Disney Pixar Cars Deep Dive #1 – Swearing

I’ve mentioned before that localization is a process that, when it comes to videogames tended to skip Portugal, which at best got the Brazilian Portuguese variant and, at worst was stuck with a menu that had Spanish and English as the only ones you could select. What language came packaged with the Portuguese version is an interesting story of its own, and perhaps something that I will get into some other time, as I’ve seen language pairings that vary from Spanish/Italian/English to “Dutch/Spanish/German” but for the longest time the amount of video games localised into our national variant of Portuguese could be counted with your fingers.

It is, in part, something I credit with my fluency in English, playing Pokemon Yellow at age 6 and being unable to advance past Viridian because I just couldn’t figure out what to do, to the point I asked my mum, in the days before unlimited packages mind you, to please call my aunt so I could ask my cousin was an experience that helped me learn and define early concepts. A “scratch” followed by the claws animation made me get the idea of what a scratch was or a “bubble beam” followed by a stream of bubbles made me understand the English word for Bubbles and by the time I was done with it, months after, I had a shaky understanding of English, though it wasn’t backed by any grammatical knowledge. Whether or not it benefits kids to play games in a non-native language however isn’t the topic that we’re going to discuss today but rather we will begin what is a deep dive into one of the most nostalgic PS2 games for me, Cars

transferir (4)

You might be snickering to yourself and quietly asking yourself why oh why I would pick Cars of all the video games ever translated and localised into the European variant of Portuguese? Sure, there might be fewer titles to pick from that I would like but, you think looking at the title of this blog post, this seems like a random choice.

Well yes, and no actually. Is it a game I ever thought I would cover here? Not really, when I got the game on sale a few weeks back I got it not with the intent of making this an article, but rather I got it because it was a game nostalgic to me. Did it reveal itself to be a prime candidate for a deep dive? Surprisingly yes! While I meant to only really do an article on it as I dug further and further (I beat the whole game with a smile on my face the entire time) it quickly became apparent how good – for the most part – the localisation was; More than good something even more important about it made itself clear, I was interesting. Interesting enough to write about.


The game is divided into five chapters and as I am not one to look a gift horse in the mouth I will take the game’s division of its content as the one I take into account. Having the game divided into chapters makes things easier for me because it provides me a good stopping point for benchmarking every single article. I expect each chapter to take anything from 2 to 4 articles which would give us around 10 to 20 articles but as I have not typed them all I can’t be sure. As for this one the article itself doesn’t need you to know anything about the world of Cars to be enjoyed but I’d recommend you watch at least Cars 3, while the first one is in my opinion is just okay and the second one is probably Pixar’s weakest movie the third movie is good enough to warrant the series’ existence. That was not why sequels were, of course, it probably has to do with the billions in merchandise Cars made but I still enjoy Cars 3, though it isn’t necessary to read this article, merely a good movie recommendation.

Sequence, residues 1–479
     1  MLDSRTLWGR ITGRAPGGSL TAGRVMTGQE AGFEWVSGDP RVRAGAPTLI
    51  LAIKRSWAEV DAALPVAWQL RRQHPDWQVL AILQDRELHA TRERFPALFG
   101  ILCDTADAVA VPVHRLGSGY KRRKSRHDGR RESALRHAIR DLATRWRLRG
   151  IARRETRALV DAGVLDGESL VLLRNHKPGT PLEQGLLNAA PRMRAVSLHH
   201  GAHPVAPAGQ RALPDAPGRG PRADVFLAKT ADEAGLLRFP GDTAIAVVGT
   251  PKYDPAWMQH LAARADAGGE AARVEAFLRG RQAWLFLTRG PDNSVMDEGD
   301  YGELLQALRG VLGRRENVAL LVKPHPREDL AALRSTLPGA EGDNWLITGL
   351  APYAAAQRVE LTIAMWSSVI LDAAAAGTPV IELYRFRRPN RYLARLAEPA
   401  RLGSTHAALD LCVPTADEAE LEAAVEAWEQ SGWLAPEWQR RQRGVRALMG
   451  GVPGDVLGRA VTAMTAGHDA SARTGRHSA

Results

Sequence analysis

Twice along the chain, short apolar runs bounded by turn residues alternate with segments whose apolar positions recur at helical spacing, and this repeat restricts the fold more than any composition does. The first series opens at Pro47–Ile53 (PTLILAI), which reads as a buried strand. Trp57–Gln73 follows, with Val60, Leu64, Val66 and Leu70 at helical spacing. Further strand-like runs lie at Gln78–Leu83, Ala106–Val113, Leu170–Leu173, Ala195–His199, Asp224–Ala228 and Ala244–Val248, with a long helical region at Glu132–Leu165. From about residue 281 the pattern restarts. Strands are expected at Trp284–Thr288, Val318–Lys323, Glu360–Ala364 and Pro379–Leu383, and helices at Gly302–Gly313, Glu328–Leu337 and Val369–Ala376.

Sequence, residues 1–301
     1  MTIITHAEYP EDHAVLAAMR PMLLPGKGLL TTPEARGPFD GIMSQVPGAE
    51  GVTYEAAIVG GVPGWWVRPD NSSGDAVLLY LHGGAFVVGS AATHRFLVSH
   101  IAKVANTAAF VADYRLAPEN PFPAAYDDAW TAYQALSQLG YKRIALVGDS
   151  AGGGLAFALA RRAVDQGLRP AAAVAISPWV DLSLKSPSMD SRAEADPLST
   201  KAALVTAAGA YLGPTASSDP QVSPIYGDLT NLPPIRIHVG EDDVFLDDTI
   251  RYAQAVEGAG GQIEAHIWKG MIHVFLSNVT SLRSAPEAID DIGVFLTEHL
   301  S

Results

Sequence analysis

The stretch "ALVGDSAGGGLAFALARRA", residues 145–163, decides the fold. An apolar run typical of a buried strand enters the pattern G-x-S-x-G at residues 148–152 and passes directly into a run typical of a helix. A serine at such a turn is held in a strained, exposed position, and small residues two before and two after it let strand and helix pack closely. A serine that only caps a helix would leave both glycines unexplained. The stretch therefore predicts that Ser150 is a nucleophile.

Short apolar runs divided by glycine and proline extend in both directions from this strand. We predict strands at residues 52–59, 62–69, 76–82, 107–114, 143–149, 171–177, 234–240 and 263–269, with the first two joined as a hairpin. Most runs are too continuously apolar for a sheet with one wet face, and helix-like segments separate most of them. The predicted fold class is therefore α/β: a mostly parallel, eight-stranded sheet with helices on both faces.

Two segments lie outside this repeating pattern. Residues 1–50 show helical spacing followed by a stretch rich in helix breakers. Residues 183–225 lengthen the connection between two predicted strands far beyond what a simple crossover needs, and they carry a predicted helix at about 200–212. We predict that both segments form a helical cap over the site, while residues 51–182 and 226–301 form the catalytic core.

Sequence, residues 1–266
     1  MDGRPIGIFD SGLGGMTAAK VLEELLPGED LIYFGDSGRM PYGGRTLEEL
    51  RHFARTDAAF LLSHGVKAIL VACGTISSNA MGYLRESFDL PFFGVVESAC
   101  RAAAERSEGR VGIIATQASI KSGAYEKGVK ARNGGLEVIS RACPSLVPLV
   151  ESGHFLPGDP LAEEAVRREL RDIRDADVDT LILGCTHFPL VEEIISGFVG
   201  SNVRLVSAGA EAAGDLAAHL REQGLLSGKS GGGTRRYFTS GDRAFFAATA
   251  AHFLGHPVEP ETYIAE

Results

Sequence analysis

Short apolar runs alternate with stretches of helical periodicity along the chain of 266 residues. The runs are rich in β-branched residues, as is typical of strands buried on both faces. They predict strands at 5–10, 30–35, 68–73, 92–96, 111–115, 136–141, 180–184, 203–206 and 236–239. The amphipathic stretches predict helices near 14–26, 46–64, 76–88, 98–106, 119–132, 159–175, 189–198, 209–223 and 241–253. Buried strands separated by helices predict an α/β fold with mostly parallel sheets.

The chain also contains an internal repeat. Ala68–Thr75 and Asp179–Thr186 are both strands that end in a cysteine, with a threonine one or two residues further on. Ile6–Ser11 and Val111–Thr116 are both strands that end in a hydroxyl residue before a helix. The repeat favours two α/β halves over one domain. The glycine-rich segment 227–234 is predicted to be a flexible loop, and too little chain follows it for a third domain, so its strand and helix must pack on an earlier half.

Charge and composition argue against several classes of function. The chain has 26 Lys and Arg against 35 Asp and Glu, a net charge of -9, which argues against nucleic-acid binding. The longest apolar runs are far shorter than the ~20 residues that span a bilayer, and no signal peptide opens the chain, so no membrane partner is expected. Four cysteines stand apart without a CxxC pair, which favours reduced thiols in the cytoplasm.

While this game is a direct continuation of the first movie, and it treats the way it tells its story as if it expects you to know the characters because it doesn’t introduce anyone I am not going to write much about the story; no, what I am interested in is how they localised it, so if a character goes “Howdy partner” I don’t care if they’re a genocidal flower but instead how we would put that in Portuguese. With that said now that we’ve referenced Undertale let us begin…


We are not thirty seconds into the game when the first thing that caught my eye shows up, in what is a dream sequence that serves as the tutorial Lighting McQueen, the protagonist of the Cars franchise and this game is dreaming about racing; Taking place in the town that will serve as the first hub world a few cars have gathered for what will surely be a good race, pumping up the crowd and acting as the announcer is Matter a tow mater (get it) with a pretty strong southern accent and behaviours to fit the stereotype. As the racers approach the starting line he lets out this line.

“It’s going to be one heck of a race”